Supramolecular host molecules can trap guests within them. US chemists have probed the effect of changing solvent pressure on the caged molecules to help them fine-tune the physical properties of the host-guest complex.
Kenneth Raymond, University of California, Berkeley, USA, and colleagues have used high-pressure nuclear magnetic resonance (NMR) spectroscopy to investigate the flexible cavity of a gallium complex that can trap small organic molecules such as substituted benzyl phosphonium guests. Increasing the pressure on the bulk solvent up to 150 megapascals affects how easily the guest can rotate within the host cavity. The precise effect depends on whether the solvent being used is water, methanol, or dimethylformamide.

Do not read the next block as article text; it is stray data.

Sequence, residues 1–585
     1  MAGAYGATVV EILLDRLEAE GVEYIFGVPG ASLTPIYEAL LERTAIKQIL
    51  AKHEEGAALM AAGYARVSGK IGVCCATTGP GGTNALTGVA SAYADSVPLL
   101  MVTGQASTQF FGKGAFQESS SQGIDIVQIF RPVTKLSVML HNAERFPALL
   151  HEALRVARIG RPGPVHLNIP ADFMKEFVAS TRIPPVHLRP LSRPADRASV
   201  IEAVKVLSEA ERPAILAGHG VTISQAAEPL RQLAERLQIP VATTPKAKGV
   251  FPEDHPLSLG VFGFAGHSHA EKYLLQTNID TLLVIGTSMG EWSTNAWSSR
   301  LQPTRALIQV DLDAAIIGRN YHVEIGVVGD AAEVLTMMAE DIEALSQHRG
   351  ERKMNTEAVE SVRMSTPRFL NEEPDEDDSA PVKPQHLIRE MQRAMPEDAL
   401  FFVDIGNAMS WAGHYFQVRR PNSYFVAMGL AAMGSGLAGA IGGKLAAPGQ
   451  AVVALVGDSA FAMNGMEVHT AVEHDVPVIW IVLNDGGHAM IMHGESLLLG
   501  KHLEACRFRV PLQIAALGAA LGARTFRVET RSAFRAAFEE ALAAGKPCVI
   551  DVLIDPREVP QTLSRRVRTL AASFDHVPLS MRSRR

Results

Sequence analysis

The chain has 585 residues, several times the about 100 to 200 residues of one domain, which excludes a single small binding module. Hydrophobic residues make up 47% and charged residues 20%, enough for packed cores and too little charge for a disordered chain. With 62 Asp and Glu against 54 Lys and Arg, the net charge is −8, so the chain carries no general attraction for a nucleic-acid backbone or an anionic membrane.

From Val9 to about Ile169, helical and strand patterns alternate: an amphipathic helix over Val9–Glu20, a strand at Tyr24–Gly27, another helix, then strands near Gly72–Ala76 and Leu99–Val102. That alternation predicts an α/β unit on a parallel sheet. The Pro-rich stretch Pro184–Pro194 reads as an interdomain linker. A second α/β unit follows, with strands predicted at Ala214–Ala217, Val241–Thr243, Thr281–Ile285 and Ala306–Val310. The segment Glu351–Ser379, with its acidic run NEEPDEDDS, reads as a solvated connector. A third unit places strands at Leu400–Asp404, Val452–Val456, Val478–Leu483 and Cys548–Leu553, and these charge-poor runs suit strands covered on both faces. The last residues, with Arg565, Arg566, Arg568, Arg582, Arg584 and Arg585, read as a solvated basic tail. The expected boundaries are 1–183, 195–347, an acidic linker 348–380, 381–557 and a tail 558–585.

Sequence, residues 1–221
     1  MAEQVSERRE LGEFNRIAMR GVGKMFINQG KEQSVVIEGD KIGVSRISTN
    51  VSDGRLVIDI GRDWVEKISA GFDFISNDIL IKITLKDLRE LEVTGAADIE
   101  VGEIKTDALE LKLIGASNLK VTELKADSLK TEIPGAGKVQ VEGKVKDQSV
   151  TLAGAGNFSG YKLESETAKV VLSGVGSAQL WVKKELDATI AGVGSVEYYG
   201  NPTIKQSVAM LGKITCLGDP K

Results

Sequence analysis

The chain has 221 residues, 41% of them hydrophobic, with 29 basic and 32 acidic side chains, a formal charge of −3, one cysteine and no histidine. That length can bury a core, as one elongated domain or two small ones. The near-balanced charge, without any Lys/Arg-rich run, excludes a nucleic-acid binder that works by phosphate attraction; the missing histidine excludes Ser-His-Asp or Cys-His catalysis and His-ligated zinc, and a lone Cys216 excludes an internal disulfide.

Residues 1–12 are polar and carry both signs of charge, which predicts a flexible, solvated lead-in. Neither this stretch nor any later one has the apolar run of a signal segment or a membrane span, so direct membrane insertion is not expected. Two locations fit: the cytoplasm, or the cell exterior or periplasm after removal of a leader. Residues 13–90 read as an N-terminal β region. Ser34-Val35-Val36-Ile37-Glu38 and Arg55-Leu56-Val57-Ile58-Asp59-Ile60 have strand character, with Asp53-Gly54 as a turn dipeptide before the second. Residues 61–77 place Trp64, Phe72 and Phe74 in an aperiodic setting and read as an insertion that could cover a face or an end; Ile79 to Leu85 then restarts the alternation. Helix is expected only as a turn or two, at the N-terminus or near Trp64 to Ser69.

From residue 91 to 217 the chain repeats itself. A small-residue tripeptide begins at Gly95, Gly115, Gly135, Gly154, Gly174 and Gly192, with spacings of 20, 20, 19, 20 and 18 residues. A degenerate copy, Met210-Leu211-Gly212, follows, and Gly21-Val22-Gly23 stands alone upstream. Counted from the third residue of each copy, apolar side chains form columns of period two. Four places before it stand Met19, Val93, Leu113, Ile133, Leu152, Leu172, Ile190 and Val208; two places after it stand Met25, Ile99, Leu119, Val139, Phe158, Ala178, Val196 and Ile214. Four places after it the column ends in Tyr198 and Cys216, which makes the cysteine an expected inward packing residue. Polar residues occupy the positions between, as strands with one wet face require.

Such research will not only help in fine tuning catalytic complexes but also offer a novel perspective on how enzymes, which act as hosts for their substrate guests, work.
- Solvent and Pressure Effects on the Motions of Encapsulated Guests: Tuning the Flexibility of a Supramolecular Host,
Jeffrey S. Mugridge, Achim Zahl, Rudi van Eldik, Robert G. Bergman, Kenneth N. Raymond,
J. Am. Chem. Soc. 2013.